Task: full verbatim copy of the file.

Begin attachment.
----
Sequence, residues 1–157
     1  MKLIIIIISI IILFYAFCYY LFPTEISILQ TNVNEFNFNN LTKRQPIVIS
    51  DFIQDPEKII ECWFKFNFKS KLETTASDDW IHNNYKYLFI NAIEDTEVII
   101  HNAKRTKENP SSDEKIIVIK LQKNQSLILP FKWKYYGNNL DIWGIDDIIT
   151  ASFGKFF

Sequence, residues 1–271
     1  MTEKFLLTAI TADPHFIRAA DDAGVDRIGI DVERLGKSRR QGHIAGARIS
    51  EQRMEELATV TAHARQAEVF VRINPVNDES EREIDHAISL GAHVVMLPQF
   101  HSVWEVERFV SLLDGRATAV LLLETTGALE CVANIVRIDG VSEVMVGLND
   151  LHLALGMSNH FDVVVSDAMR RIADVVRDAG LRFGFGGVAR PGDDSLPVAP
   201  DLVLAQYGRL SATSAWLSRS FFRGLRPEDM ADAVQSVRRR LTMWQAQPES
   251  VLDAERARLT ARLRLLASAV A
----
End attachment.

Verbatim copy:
Sequence, residues 1–157
     1  MKLIIIIISI IILFYAFCYY LFPTEISILQ TNVNEFNFNN LTKRQPIVIS
    51  DFIQDPEKII ECWFKFNFKS KLETTASDDW IHNNYKYLFI NAIEDTEVII
   101  HNAKRTKENP SSDEKIIVIK LQKNQSLILP FKWKYYGNNL DIWGIDDIIT
   151  ASFGKFF

Sequence, residues 1–271
     1  MTEKFLLTAI TADPHFIRAA DDAGVDRIGI DVERLGKSRR QGHIAGARIS
    51  EQRMEELATV TAHARQAEVF VRINPVNDES EREIDHAISL GAHVVMLPQF
   101  HSVWEVERFV SLLDGRATAV LLLETTGALE CVANIVRIDG VSEVMVGLND
   151  LHLALGMSNH FDVVVSDAMR RIADVVRDAG LRFGFGGVAR PGDDSLPVAP
   201  DLVLAQYGRL SATSAWLSRS FFRGLRPEDM ADAVQSVRRR LTMWQAQPES
   251  VLDAERARLT ARLRLLASAV A